grandfather and father and he himself have hitherto ruled. At present
the doctrine of divine "right" is regarded by Germans no less than by
Englishmen as dead and buried, and mention of it in Germany is usually
greeted with a smile. Even the notion of appointment by divine
"grace," while considered a harmless and praiseworthy article of faith
with the Emperor, is no longer regarded as a living principle of




With his accession began for the Emperor a period of extraordinary
activity which has continued practically undiminished to the present
day. During that time he has been the most prominent man and monarch
of his generation. From the domestic point of view his life perhaps
has not been marked by many notable events, but from the point of view
of politics and international relations it has been the history of his
reign and to no small extent the history of the world.

When a German Emperor ascends the throne there is no great outburst of
national rejoicing, no great series of popular ceremonials. There is
no brilliant procession as in England, no impressive coronation like
that of an English monarch in Westminster Abbey, no State visit of the
monarch to the Houses of Parliament. In Germany Parliament goes to the
King, not the King to Parliament.

On the same day that the Emperor began his reign he addressed
proclamations to the army and navy. The addresses to the people and
the Parliament were to come a few days later. In the proclamation to
the army he said:

"I and the army were born for each other. Let us remain
indissolubly so connected, come peace or storm, as God may
will. You will now take the oath of fidelity and obedience
to me, and I swear always to remember that the eyes of my
ancestors are bent on me from the other world, and that one
day I shall have to give an account touching the fame and
the honour of the army."

His address to the navy was in the same vein.

"We have only just put off mourning for my unforgettable
grandfather, Kaiser William I, and already we have had to
lower the flag for my beloved father, who took such an
interest in the growth and progress of the navy. A time of
earnest and sincere sorrow, however, strengthens the mind
and heart of man, and so let us, keeping at heart the
example of my grandfather and father, look with confidence
to the future. I have learned to appreciate the high sense
of honour and of duty which lives in the navy, and know that
every man is ready faithfully to stake his life for the
honour of the German flag, be it where it may. Accordingly I
can, in this serious hour, feel fully assured that we shall
stand strongly and steadily together in good or bad days, in
storm or sunshine, always mindful of the Fatherland and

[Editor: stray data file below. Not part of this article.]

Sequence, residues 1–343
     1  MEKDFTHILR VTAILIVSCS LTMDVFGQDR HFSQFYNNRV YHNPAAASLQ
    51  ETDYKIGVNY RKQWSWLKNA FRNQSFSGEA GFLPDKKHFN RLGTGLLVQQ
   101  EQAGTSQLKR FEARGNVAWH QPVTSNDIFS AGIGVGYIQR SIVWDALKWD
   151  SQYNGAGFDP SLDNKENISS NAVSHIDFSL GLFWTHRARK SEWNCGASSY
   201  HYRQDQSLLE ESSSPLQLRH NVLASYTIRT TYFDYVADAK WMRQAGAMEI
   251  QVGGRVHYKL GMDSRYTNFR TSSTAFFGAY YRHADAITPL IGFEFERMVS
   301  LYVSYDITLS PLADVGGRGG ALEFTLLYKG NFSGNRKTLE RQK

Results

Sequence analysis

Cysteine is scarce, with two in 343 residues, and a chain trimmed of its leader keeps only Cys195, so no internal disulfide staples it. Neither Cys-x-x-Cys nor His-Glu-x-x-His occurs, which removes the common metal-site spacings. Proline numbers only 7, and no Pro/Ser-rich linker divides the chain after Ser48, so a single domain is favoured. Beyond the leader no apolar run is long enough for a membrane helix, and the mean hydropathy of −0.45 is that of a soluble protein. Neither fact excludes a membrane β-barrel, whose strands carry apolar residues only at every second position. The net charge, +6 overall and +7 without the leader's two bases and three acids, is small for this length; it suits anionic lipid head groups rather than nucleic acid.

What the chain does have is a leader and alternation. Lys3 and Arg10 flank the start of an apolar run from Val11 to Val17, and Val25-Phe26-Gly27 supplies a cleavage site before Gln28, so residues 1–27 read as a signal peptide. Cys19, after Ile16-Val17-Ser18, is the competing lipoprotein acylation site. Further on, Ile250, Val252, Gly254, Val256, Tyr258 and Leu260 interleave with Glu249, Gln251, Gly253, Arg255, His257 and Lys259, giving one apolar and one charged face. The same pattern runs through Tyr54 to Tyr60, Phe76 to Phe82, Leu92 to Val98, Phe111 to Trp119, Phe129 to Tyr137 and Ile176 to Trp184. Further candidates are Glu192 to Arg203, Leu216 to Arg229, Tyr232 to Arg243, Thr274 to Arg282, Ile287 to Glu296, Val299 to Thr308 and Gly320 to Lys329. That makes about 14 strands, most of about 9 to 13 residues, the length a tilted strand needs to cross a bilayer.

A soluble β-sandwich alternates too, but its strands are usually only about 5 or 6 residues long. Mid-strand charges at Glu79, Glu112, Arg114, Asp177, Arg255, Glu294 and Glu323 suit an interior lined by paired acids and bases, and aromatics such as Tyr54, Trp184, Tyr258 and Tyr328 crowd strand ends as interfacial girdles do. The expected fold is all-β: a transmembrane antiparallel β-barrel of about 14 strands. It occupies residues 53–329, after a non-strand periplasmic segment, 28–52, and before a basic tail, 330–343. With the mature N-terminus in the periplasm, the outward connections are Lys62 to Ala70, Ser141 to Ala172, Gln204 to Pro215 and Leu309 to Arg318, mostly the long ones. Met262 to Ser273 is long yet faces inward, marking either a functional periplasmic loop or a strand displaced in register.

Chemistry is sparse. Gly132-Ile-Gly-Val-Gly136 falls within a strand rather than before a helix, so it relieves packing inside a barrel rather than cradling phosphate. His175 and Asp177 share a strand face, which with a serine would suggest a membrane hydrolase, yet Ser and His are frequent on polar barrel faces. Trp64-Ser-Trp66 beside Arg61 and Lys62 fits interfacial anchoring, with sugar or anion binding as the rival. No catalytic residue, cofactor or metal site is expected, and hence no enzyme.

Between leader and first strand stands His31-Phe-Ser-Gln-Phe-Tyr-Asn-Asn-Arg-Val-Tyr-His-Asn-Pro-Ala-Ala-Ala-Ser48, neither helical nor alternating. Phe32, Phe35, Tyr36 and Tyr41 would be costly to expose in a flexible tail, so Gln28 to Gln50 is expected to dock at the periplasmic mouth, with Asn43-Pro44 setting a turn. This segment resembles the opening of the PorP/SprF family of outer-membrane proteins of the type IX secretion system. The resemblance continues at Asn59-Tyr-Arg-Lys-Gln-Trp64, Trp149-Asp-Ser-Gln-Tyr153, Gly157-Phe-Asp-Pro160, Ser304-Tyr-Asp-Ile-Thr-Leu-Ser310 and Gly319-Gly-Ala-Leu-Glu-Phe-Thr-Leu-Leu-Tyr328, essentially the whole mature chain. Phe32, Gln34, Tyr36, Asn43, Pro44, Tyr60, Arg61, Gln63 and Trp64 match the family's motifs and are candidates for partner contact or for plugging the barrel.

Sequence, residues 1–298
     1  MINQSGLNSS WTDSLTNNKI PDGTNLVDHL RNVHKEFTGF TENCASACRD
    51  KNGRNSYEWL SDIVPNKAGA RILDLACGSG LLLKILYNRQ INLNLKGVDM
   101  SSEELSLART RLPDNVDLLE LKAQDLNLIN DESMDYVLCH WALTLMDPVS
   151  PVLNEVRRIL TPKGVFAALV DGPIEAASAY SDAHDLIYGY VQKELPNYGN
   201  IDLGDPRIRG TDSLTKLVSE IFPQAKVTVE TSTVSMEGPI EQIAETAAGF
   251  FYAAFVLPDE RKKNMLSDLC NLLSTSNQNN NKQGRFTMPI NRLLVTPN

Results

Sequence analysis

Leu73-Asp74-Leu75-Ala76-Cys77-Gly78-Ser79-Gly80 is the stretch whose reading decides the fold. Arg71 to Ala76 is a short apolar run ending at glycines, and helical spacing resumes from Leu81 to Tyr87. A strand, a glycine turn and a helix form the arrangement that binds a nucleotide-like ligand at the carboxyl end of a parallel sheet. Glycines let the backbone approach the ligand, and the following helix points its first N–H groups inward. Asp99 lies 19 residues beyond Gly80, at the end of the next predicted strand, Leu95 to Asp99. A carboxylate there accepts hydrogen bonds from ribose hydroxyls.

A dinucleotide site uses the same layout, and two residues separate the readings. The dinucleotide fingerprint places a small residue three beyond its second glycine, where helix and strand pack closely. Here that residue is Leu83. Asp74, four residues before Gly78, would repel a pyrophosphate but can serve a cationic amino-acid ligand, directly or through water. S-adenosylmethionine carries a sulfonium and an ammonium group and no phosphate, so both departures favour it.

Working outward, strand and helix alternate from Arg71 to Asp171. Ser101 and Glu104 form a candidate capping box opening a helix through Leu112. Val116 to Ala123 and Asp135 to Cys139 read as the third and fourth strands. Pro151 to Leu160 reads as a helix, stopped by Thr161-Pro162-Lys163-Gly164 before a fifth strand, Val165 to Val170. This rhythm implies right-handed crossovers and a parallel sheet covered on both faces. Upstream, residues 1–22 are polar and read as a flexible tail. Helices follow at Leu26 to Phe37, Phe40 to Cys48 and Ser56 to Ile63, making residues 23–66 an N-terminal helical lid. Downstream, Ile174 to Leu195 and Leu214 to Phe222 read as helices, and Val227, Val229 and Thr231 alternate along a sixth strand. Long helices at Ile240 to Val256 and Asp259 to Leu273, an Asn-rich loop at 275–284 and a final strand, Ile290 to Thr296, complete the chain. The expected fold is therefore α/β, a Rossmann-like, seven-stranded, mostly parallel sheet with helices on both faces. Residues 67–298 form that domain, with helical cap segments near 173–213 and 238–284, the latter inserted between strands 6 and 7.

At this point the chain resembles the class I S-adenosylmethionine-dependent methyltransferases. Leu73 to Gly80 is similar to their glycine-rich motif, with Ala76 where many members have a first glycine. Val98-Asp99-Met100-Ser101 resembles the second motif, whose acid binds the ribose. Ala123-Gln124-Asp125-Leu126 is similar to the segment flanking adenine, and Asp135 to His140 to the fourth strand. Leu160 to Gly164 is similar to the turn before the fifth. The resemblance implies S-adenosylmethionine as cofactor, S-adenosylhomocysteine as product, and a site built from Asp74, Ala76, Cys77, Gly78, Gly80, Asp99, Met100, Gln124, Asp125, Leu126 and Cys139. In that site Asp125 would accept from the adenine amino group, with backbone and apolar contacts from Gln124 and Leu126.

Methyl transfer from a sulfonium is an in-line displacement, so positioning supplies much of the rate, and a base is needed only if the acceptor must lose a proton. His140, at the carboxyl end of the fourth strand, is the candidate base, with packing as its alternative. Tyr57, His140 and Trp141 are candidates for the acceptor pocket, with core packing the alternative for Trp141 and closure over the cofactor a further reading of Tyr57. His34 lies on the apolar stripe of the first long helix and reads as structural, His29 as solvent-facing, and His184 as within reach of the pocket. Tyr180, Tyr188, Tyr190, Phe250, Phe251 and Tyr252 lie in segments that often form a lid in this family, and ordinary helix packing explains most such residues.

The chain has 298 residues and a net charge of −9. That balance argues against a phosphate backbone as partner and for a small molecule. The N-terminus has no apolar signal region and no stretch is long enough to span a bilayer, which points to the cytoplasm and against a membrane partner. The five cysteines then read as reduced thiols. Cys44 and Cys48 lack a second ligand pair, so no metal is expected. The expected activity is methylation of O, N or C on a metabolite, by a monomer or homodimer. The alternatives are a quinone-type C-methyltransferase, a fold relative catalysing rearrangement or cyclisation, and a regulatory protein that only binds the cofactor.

always ready to shed our heart's blood for the honour of the

To his people he promised that he would be a

"just and mild prince, observant of piety and religion, a
protector of peace, a promoter of the country's prosperity,
a helper to the poor and needy, a faithful guardian of the

To the Parliament a week later he announced that he meant to walk in
the footsteps of his grandfather, particularly in regard to the
working classes, to acquire the confidence of the federated princes,
the affection of the people, and the friendly recognition of foreign
countries. He said that in his opinion the

"most important duties of the German Emperor lay in the
domain of the military and political security of the nation
externally, and internally in the supervision of the
carrying out of imperial laws."

The highest of these laws, he explained, was the Imperial Constitution
and "to preserve and protect the Constitution, and in especial the
rights it gives to the legislative bodies, to every German, but also
to the Emperor and the federated states," he considered "among the
most honourable duties of the Emperor."

While the order of these addresses is different to what it would be in
England, it entirely accords with the spirit of the Prussian monarchy
and the political system of the German people. Settled in the heart of
Europe, the nation rests on the army, and it is hardly too much to say
that, from the Emperor's point of view, possibly also from the popular
German point of view, the interests of the army must be considered
before the interests of the rest of the population. An English
monarch, who issued his first address to the British navy, would be as
justified in doing so by the real necessities of Great Britain as a
German Emperor who first addresses the German army is justified by the
real necessities of Germany; for the British navy is as vital to the
British as the German army is to the German nation. In England,
however, the monarch's respect for the people and Parliament takes
precedence of his respect for the army, not _vice versa_ as in

In a speech from the throne to the Prussian Diet the Emperor took the